Open Season: A Reflection on Open Engagement

July 6, 2013 · Print This Article

by Jen Delos Reyes

OE BaS Reflection

Photo by John Muse

Two countries. Five conferences. Seven years. 14 partnerships. Over 700 presenters. Over 1600 attendees. Since the first Open Engagement conference in 2007 this event has become a key meeting point for people interested in socially engaged art. Open Engagement: Art After Aesthetic Distance began as a hybrid project that used a conference on socially engaged art practices as its foundation and incorporated elements including workshops, exhibitions, residencies, pedagogy, curatorial practice and collaboration. I wanted to foster a different kind of conference—one that worked in the way I wanted to see it work: with a sense of togetherness, putting emerging and established voices side by side, highlighting different ways of knowing and learning, and serving as a site of production, as well as reflection. I wanted to contribute to the discourse on socially engaged art in a meaningful way. When Open Engagement began it was a student project. I was a graduate student. The conversations that I wanted to engage in were not happening at my school in Saskatchewan, so I decided to create the situation that would allow for me to have these discussions with people doing similar work. Open Engagement was the basis of my education, and now is a major foundation of my work as an educator.

This year as in most years my experience of Open Engagement happens mostly in the lead up—in conversations with students to determine the themes of exploration for the year, in the selection of keynote presenters, in the scheduling, planning, writing, partnerships, and all things organizing. In the day to day of the event itself I get to attend very few sessions, usually only the opening and closing sessions, keynote events, and a hand full of other projects and for a limited amount of time. My time during Open Engagement is mostly spent assisting and making sure things are running smoothly. But in that way of moving through the conference I intersect with people all throughout the day that I ask what they have attended, and what their thoughts are on the experience at the conference so far. This idea of needing to talk to others to fully experience the conference is intentional. Because of the parallel programming no one person can take in all of the projects and sessions that form the event on their own. We need to work together, and see from multiple perspectives to get a full sense of the field.

In 2010 at Open Engagement Pablo Helguera said that he had always heard that a conference is meaningful in as much as it generated new questions to follow up. If you didn’t find new questions then maybe it was not successful. I had a similar feeling about conferences, and it had been one of the ways I was measuring outcomes. The conference begins with a series of calls and questions, and throughout the course of the event and the conversations there are undoubtedly more that are generated. At OE 2013 we were making a concerted effort to capture that questioning throughout the weekend, and on Sunday before Tom Finkelpearl’s keynote talk were reminded by Michelle Swineheart of one of Sister Corita’s “quantity assignments” of generating 100 questions when embarking on intensive work and research. With this in mind, as well as earlier feedback from the day at a session between the Creative Time summit and OE where I heard from many participants that they wanted to work together to generate something during the conference and that in general there was a desire for sessions that allowed for formats other than being talked at, I decided that the final event would be an opportunity for just that.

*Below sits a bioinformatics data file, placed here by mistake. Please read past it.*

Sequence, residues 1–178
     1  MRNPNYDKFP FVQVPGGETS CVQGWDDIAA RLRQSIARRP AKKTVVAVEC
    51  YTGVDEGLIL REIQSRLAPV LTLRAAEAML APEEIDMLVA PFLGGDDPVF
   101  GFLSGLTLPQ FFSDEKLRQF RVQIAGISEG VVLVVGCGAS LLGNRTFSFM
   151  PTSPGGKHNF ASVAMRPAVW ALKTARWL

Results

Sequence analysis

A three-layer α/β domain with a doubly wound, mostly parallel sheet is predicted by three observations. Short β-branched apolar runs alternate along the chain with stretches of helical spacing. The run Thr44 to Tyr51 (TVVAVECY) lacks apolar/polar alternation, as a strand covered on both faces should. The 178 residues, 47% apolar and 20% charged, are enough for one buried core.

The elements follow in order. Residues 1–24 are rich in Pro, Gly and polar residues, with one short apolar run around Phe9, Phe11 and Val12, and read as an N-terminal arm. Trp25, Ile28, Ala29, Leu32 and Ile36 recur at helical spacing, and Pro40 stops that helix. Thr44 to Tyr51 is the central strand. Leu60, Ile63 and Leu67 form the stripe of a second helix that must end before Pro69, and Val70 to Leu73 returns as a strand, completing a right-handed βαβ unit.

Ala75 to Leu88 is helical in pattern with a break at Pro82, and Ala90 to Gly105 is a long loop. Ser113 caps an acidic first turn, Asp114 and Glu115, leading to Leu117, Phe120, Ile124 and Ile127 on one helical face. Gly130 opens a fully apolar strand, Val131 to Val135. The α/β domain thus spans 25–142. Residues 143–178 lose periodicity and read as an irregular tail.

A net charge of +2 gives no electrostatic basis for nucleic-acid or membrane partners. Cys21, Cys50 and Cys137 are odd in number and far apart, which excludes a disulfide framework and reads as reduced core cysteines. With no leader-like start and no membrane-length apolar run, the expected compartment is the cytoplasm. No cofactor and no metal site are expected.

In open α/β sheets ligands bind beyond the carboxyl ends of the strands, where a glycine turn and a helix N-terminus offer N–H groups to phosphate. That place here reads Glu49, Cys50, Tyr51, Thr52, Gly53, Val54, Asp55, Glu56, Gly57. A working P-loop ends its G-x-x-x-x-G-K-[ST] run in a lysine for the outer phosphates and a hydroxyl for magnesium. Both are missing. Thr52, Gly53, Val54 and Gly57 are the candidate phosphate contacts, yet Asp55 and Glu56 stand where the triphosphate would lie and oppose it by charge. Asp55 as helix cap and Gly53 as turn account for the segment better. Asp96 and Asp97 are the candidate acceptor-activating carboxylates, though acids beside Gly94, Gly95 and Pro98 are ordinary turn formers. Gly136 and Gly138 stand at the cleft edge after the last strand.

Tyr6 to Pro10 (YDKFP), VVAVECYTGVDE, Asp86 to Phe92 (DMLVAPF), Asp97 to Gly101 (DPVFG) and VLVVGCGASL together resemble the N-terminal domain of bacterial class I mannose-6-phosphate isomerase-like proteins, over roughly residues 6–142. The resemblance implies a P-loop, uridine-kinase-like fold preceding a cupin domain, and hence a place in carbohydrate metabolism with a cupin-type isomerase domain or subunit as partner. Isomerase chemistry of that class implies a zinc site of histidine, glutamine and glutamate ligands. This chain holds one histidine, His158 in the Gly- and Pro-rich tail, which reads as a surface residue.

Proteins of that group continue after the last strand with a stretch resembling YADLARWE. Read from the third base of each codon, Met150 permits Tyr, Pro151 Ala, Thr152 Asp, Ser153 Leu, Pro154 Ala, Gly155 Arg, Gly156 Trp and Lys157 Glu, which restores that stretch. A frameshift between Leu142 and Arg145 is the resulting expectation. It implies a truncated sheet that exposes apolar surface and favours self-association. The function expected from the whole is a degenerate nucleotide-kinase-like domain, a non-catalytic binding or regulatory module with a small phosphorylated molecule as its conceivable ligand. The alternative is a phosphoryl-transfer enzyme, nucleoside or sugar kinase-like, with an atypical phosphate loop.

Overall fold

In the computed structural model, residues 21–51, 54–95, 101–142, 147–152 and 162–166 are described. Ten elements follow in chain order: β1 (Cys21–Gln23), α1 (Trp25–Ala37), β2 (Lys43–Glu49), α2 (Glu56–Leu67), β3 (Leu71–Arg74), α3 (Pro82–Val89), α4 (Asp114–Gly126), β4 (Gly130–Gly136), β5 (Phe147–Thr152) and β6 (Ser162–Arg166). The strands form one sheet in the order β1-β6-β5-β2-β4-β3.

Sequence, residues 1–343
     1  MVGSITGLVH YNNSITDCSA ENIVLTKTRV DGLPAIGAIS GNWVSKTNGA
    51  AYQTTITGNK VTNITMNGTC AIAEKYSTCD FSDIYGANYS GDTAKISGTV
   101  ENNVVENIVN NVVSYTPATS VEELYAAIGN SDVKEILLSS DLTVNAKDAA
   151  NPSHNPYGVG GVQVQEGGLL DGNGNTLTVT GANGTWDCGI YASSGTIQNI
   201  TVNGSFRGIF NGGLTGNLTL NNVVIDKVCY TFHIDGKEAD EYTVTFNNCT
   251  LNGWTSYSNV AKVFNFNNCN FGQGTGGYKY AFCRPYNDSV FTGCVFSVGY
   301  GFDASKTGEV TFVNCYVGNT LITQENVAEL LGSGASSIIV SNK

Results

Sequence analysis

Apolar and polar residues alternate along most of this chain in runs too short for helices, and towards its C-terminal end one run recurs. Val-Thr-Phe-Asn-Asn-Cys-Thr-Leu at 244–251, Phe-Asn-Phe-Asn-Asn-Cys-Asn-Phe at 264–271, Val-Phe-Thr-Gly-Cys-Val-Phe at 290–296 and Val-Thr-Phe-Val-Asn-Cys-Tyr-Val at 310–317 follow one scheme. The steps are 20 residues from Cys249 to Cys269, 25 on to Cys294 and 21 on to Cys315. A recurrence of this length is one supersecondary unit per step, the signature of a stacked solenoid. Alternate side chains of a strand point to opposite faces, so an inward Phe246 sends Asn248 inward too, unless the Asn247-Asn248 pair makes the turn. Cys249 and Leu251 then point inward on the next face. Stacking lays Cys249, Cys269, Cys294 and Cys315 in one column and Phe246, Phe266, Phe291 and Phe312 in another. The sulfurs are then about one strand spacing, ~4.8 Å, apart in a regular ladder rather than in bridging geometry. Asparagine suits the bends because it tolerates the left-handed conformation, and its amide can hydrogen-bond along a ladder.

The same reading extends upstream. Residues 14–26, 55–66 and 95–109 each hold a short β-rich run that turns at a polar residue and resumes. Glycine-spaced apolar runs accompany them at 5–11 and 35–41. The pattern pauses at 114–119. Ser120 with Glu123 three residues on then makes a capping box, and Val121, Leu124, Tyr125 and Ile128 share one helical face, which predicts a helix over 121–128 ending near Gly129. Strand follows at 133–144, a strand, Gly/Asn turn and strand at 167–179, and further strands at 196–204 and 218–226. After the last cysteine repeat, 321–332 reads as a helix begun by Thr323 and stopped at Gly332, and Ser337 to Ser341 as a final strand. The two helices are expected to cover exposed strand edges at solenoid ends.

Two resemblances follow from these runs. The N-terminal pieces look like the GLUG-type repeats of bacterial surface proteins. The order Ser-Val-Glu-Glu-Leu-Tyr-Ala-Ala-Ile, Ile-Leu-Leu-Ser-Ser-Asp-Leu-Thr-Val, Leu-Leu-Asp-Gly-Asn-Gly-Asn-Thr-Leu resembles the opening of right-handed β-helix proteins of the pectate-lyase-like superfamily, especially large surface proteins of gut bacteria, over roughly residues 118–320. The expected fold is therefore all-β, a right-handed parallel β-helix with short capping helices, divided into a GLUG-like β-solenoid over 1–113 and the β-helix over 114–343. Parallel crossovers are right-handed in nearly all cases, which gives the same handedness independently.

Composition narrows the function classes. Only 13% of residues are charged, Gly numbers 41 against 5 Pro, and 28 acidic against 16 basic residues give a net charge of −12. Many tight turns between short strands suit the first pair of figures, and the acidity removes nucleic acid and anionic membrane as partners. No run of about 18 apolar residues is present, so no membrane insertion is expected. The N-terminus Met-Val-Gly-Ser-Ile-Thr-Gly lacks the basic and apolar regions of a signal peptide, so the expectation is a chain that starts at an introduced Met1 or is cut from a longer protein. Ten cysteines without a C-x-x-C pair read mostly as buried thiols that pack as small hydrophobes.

For the closing event of Open Engagement 2013 instead of having a panel discussion between only keynotes and curatorial representatives we instead set out to collect 100 questions generated by the group assembled to further get a sense of what is emerging, what people are thinking, and where this conversation is going. The Sister Corita assignment felt fitting for a group of presumably invested individuals, who wish to continue to be involved in research and practice, to take this on together. It was a hope that as we would move out into the world after the conference that we could then reflect on this list of the questions we are currently asking ourselves about socially engaged art. The format was that each of our six panelists joined one of six seated groups that each had about 40 chairs (based on past years we were planning for between 200-300 people at the final panel), and we then had about 35 minutes to work together and for each group to write 17 questions and then we reconvened and the panelists shared the group work. After the instructions were given, at least 20% of the assembled group left instead of joining the break out groups. As I stood at the front of the room watching people choose to stream out, I wondered if I had made a mistake. The people that remained formed groups and were led in discussions to generate questions. There was one group in particular that voiced resentment, yet not enough resentment for them to have just left. This all came out in sharing of the questions at the end of the session. After many weeks I heard from someone who was part of that dissenting group how difficult it was to contribute questions, to have a discussion, and to feel like they could share. Days after the conference I heard some thoughts from Michael Rakowitz (who was the person facilitating that group) on the conference and the final event in general and he said, “You created a space for people to get upset, and that opens up possibilities for things that haven’t been done yet.” While I had no doubt that we had created a place for people to get upset I wondered what else the space was a possibility for. I thought of other conferences and their goals, Suzanne Lacy’s City Sites: Artists and Urban Strategies (1989), and Mapping the Terrain: New Genre Public Art (1991), the Creative Time summits that began in 2009, and the more recent Homework conferences organized by Broken City Lab. Lacey was trying to create a space to develop language for socially engaged art that went beyond the limitations of forms like performance and conceptual art, and with the latter intended that the activities of Mapping the Terrain would come together as a publication. The most simple way to describe the Creative Time efforts is an attempt to become the TED talks for socially engaged contemporary art. The latest incarnation of the Homework conference takes a similar approach to Mapping the Terrain with a end goal of a collectively generated publication, and a similar format to Open Engagement with three keynote presenters and framing devices.